portrait by Benjamin Sullivan
"Thank you, Mrs. Hudson," said my friend, taking the telegram and leaving me to handle the tray of food. "More good luck," he said when he had finished reading. "Cheryl Eastap will call on us at four o'clock this afternoon."
"Is she one of the two attractive blondes Bucky suggested you should contact?" I asked.
"Indeed she is," replied the detective. "I know nothing else about her, or her connection with this case, but I am sure we will find out soon enough."
As usual, his prediction proved to be correct. Cheryl Eastap arrived shortly before four and introduced herself with a surprising statement. "I would have come sooner had I known you were interested in the case, Mr. Holmes," she said. "I am so thankful for your message."
"Please sit down," Holmes said, "and tell us, from the beginning, how you came to be involved in this case."
"It was through my work, sir," she replied. "I'm a fashion designer, and I teach at Central Saint Martins College. I knew Gareth Williams from the college. He was a part-time student there."
"I see," said Holmes. "Did Gareth take one of your courses?"
"No, he took two courses with me, sir," she replied.
"Both in the past year?" he asked.
"Yes sir," she answered. "The first one started in the winter and finished in the spring. The second began in early April, if I recall, and ran until late June."
"Tell me about these courses," Holmes said.
"They were short, introductory courses," she replied. "We would meet once per week for ten weeks, and that was all. Just enough to give the students a good overview of the subjects, and a chance to try some simple things themselves."
"What were your impressions of Gareth as a student?" Holmes asked.
"He was very talented, sir," replied Ms. Eastap, "clearly very interested, and quite well-versed, for a beginner."
"What subjects did you teach him?" Holmes asked.
"Fashion design and interior design, sir," she replied.
"Hmm, fashion design," he said. "Would it be fair to assume a rather large percentage of your male students might be gay?"
"I do believe that would be a fair estimate," she answered.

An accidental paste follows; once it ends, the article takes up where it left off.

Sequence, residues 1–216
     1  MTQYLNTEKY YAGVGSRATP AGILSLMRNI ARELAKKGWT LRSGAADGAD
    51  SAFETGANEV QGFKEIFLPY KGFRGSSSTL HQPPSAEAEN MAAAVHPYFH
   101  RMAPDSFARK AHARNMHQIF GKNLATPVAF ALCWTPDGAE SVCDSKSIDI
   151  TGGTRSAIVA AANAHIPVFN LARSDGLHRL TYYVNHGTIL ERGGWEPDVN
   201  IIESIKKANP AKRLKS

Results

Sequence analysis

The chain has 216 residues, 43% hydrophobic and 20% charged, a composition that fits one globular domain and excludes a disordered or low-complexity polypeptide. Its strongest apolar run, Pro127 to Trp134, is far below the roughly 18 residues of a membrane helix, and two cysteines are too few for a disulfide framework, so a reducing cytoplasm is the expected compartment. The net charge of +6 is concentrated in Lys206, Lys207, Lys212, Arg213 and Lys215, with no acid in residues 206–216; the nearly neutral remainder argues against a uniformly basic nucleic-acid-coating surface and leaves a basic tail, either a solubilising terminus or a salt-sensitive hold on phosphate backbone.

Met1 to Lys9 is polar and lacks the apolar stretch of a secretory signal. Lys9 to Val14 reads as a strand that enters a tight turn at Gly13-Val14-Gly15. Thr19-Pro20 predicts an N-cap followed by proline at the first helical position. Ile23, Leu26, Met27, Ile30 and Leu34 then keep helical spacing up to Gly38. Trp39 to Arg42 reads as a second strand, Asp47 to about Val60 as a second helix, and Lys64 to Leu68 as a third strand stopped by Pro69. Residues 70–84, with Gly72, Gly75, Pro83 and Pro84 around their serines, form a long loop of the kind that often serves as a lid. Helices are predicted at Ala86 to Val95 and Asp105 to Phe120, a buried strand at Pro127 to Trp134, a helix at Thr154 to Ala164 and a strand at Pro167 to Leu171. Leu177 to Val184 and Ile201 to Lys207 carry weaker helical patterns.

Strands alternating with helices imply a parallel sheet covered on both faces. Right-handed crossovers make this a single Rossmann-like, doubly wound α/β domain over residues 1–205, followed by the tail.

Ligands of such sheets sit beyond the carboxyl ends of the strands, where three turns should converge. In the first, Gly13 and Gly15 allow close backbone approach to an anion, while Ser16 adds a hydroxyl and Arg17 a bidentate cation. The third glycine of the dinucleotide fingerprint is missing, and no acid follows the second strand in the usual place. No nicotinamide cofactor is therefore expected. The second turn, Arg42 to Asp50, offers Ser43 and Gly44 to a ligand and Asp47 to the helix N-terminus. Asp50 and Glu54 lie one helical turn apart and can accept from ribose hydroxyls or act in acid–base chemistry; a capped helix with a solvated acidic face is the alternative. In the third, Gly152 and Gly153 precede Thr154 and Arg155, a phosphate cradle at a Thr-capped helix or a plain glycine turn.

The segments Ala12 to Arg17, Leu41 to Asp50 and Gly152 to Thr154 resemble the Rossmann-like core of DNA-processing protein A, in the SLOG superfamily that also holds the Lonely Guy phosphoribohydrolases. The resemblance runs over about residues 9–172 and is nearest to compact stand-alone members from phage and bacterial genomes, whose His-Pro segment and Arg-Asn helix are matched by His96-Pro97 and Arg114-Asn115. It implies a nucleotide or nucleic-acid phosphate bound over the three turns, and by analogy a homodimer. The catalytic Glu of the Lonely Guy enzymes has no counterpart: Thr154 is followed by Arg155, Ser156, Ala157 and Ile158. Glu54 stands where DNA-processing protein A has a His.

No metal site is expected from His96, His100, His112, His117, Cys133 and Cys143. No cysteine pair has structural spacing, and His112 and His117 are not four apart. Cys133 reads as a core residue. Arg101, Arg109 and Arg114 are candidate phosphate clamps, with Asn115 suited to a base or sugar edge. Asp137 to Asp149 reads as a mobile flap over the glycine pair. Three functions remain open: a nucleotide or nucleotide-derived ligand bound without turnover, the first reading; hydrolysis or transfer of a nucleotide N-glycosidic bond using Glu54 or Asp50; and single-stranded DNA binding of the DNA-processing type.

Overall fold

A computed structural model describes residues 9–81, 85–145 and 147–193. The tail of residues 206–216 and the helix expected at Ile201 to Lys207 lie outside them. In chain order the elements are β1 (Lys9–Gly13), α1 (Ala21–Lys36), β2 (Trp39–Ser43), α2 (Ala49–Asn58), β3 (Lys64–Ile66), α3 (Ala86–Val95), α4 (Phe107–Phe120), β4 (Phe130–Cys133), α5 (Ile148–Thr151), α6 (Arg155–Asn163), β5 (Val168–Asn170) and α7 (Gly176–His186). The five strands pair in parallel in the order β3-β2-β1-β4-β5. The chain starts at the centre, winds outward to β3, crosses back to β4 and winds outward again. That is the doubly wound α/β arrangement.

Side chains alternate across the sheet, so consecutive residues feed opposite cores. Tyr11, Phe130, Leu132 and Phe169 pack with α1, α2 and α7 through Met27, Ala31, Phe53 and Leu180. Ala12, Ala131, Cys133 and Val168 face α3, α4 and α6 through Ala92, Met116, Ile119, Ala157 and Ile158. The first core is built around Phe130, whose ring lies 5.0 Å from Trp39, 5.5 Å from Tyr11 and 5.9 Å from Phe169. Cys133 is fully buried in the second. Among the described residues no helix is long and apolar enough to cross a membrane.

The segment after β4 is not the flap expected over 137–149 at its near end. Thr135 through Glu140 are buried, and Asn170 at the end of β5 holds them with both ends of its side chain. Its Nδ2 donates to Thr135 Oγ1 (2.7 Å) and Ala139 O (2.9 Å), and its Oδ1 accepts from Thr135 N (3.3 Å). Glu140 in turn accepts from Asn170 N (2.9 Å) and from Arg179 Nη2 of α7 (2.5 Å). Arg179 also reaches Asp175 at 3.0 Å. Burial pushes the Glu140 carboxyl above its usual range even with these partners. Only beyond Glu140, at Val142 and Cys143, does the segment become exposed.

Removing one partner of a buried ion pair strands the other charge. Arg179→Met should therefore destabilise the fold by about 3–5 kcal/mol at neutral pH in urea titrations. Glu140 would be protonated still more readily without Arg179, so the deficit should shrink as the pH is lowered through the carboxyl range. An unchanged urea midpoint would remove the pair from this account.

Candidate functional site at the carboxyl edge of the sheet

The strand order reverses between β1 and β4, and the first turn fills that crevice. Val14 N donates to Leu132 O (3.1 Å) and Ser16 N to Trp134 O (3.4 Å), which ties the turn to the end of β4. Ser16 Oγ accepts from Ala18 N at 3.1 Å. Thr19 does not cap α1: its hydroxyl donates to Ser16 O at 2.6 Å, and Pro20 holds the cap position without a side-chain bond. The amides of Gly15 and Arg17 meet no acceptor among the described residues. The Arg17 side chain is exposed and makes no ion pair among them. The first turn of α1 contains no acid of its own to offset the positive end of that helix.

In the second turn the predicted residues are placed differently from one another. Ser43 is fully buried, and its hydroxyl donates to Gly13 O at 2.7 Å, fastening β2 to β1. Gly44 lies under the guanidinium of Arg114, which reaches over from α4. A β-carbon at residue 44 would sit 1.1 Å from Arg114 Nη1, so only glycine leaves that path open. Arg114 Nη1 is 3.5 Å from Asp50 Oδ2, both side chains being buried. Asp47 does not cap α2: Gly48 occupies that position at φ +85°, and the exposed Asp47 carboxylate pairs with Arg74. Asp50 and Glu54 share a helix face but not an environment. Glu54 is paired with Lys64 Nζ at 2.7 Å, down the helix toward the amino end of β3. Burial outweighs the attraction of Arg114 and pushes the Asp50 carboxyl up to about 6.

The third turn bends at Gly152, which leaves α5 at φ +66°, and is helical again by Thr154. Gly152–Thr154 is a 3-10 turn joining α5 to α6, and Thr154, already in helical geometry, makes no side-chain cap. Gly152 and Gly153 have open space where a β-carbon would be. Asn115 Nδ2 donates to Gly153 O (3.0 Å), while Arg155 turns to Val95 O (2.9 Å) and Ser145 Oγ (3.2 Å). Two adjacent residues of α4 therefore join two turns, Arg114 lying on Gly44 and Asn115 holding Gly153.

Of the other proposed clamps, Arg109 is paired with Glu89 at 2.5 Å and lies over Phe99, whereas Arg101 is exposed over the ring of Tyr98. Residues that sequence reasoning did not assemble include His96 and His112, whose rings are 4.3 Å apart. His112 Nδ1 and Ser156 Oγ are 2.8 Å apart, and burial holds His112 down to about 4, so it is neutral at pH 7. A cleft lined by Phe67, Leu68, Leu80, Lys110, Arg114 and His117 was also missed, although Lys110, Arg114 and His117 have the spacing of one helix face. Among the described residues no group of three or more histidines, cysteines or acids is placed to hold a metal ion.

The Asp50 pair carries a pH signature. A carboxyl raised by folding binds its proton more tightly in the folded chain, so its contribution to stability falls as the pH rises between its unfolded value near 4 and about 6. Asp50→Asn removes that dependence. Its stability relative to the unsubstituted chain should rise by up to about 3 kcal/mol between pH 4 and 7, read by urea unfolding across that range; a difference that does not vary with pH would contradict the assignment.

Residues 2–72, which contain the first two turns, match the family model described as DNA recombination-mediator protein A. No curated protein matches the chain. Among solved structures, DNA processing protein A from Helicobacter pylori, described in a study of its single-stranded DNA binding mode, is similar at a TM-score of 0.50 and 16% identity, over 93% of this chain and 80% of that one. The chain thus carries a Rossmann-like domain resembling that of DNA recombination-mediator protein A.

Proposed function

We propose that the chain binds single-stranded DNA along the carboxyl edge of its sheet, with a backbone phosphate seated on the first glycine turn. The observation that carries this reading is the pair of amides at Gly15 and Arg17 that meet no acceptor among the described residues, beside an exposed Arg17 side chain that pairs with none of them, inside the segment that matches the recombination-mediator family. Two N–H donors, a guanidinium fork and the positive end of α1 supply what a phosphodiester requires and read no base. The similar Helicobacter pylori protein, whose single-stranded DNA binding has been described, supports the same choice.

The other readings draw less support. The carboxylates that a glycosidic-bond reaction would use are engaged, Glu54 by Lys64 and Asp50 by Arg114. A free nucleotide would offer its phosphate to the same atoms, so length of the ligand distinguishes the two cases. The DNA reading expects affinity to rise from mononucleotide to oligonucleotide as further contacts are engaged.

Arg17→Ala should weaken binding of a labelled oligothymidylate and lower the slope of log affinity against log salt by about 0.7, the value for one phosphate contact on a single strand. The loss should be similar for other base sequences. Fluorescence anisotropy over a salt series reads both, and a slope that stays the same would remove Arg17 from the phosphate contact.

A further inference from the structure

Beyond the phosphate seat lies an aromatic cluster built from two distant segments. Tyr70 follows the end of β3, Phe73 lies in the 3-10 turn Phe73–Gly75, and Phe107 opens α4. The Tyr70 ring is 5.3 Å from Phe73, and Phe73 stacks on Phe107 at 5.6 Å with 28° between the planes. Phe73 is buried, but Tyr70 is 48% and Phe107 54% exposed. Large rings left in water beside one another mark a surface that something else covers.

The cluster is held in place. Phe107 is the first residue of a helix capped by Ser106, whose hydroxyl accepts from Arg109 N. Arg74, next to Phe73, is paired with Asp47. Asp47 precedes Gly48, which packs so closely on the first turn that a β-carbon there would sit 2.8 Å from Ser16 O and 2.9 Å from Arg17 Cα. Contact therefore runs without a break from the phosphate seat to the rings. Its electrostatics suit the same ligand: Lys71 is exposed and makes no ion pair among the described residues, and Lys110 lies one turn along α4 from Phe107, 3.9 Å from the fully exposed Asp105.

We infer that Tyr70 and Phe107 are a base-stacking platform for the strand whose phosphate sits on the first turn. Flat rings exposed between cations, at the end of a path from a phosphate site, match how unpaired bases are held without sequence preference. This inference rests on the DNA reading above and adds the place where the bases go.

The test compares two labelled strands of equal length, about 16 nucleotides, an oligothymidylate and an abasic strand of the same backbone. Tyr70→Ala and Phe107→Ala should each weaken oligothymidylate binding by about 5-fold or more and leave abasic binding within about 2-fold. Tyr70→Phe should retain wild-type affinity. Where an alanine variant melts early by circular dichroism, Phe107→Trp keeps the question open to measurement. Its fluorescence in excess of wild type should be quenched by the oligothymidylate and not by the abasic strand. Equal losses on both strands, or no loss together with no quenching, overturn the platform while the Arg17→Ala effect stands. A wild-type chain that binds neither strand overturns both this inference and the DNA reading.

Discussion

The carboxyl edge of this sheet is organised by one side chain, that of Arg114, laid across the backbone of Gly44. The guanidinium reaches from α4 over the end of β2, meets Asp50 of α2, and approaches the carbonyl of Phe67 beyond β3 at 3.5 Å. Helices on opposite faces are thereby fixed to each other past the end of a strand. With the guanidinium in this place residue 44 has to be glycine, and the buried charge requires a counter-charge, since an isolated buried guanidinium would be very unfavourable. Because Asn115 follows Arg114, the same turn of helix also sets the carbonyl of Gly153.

"Aside from open declarations of interest," he continued, "can you, perhaps, spot the gay men by the way they look at the young women?"
"Most of the time," she replied, "you can tell by whether they look at the young women."
"And in Gareth's case, would you say he was looking?" asked the detective.
"That is how it appeared to me, sir," she said. "If you're asking whether Gareth was gay, I can tell you I never saw any sign of it."
"Unfortunately," said Holmes, "in this case, the undercurrent of deviant sex will not go away. I am sorry to mention it, but I must."
"Yes, of course," replied Ms. Eastap.
|Central Saint Martins College of Art & Design|
"I am given to understand," said Holmes, "that you are unhappy with the police and their investigation."
Cheryl Eastap nodded and said, "Yes, sir. They came to see me not long ago, and asked all manner of questions about the courses, the assignments, and so on."
"Yes?" said my friend.
"They seemed especially interested in an assignment Gareth had completed which was called 'Living Spaces.' They even suggested that Gareth may have 'gone overboard' and locked himself in the holdall while trying to find out how small a space a person can live in."
"And what did you think of that line of reasoning?" asked my friend.
"It's not 'reasoning' at all, sir," replied the teacher. "There couldn't possibly have been any connection between the assignment and the young man's death. The police were simply trying to create a decoy."
"Are you certain?" asked the detective.
"Absolutely!" replied our guest.
"What makes you think," asked Holmes, "that the police were merely trying to establish a decoy?"
"What else could they have been doing?" she countered.
"They clearly understood the nature of the assignment?" he pressed.
"Yes sir," she said, "they most assuredly did."
"And it carried no risk of accidental confinement?" he continued.
"None at all!" she replied. "It was an interior design assignment, sir. It was about the spaces people live in and how we can make them more attractive. That was all."
"I'm sorry if you find this frustrating," said the detective, "but I must ask the questions, you see?"
"Yes, of course," she said, and seemed to relax somewhat.
"Do you have any idea," Holmes continued, "why the police might be trying to establish a decoy?"
"None at all," replied our guest. "I was hoping you would tell me."
"Unfortunately," he replied, "I cannot tell you anything concrete at the moment. But you have been most helpful, and I thank you very much for calling on us this afternoon."
"You are welcome, Mr. Holmes," she replied, rising to leave. "I wish you the best of luck on this case, sir."
"Luck has been running more with us than against, lately," he said as he walked with her to the door, "and perhaps it will continue to do so."
"I do hope so, sir," she said as she departed.